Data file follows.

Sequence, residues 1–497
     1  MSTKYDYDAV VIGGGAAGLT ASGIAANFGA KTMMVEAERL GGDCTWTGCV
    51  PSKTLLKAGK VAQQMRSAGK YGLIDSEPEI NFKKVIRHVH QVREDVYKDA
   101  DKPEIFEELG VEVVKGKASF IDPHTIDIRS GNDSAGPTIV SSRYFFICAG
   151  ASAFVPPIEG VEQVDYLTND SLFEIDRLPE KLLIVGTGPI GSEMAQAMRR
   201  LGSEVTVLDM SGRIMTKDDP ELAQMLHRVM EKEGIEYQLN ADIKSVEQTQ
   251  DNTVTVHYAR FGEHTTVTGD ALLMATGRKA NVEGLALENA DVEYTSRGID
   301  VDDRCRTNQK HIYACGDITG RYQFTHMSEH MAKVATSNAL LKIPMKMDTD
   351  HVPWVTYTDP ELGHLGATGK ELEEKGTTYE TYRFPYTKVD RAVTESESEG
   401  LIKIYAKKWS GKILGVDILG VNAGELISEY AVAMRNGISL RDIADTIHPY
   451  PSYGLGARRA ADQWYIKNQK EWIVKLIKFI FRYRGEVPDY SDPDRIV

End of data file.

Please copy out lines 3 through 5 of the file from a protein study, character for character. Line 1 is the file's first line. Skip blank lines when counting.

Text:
    51  PSKTLLKAGK VAQQMRSAGK YGLIDSEPEI NFKKVIRHVH QVREDVYKDA
   101  DKPEIFEELG VEVVKGKASF IDPHTIDIRS GNDSAGPTIV SSRYFFICAG
   151  ASAFVPPIEG VEQVDYLTND SLFEIDRLPE KLLIVGTGPI GSEMAQAMRR